Renters United confronted the mythology surrounding the Residential Tenancy Act when we told council months ago the only significant change to the Act brought by the NDP government has been elimination of fixed term leases with mandatory move-out clauses.
Even Landlord BC advocated closing this loophole, which had allowed unethical landlords to falsely create vacancies and increase rents higher than the legal limit. Landlord BC’s CEO David Hutniak stressed the difference between “bad” landlords and “responsible and professional” ones, and said that effective pathways for the justifiable eviction of tenants remained unchanged.
It’s therefore unreasonable and unhelpful for City councillors to continue peddling the idea that the law is prejudiced against landlords. It’s a disservice to both renters and landlords that council has a hand in manufacturing or perpetuating such hostility within our community.
It’s worth stating that protection against tenant vandalism is available, sometimes included as part of homeowners insurance and sometimes available at extra cost. It’s high time we heard about landlords purchasing appropriate insurance rather than being inundated with self-serving and unverified tales of rampant tenant vandalism.
It’s also worth stating that the argument against renters developed in a new way at the March 12 hearing. Speaker after speaker – all having an interest in operating short-term rentals – suddenly distinguished between long-term renters. Student renters were great, whereas all others represented unfathomable danger and risk.
I argue that the real difference between students and other renters – seniors, moms and dads, tech workers, the disabled, mechanics, administrators, retail staff, nurses, and all the rest – is that students, renting for eight months, dovetail nicely with exceptionally lucrative seasonal vacation rentals for the rest of the year.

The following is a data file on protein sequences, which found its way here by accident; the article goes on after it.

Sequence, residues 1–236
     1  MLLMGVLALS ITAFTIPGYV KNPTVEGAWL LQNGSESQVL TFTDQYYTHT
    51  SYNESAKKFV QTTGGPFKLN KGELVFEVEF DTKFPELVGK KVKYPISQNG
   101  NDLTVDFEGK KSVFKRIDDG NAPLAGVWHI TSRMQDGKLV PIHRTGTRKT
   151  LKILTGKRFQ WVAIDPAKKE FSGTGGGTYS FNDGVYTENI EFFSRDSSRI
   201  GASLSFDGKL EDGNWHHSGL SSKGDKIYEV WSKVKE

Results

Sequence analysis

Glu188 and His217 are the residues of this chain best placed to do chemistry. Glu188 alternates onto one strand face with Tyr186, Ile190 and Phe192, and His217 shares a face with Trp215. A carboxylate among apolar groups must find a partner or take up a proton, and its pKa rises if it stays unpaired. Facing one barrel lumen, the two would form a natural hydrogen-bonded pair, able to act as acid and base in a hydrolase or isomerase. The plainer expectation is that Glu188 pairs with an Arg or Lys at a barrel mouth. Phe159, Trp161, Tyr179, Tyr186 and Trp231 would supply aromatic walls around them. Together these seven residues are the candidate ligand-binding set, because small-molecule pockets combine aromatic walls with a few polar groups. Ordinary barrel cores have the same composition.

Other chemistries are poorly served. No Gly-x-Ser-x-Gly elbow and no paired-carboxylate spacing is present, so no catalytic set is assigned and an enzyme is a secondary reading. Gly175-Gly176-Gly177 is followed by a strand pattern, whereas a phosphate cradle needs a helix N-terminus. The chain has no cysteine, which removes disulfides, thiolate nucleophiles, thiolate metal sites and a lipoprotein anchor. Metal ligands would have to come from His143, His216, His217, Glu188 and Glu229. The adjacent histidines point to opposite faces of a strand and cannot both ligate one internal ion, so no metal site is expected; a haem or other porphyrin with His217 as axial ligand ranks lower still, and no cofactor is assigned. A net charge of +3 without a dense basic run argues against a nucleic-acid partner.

As for agreeing to allow short-term rentals in suites and carriage houses, mayor and council went one step further, ruling that operators of short-term rentals in this type of housing will not be required to live in them.
By creating an exception to the principal residence rule involving suites and carriage houses, as well as allowing exceptions for McKinley Beach, Sunset Drive and the Hiawatha, for the C9, HD2 and HD3 zones, and for a long list of projects to be grandfathered under rules that fly in the face of provincial law, the City has dismissed the most important regulatory tool, recognized globally, for preserving homes for people, not for profit.
In upending the principal residence rule, council has effectively issued an invitation to speculators, foreign buyers and drug lords needing to park money to infiltrate our housing market – already deemed the 28th least affordable in the world – thereby creating the very real risk of Kelowna becoming Vancouver 2.0, entirely unaffordable but for a few high income earners.
This the public would have heard, and more, had the City of Kelowna observed law and allowed Renters United to speak at the public hearing.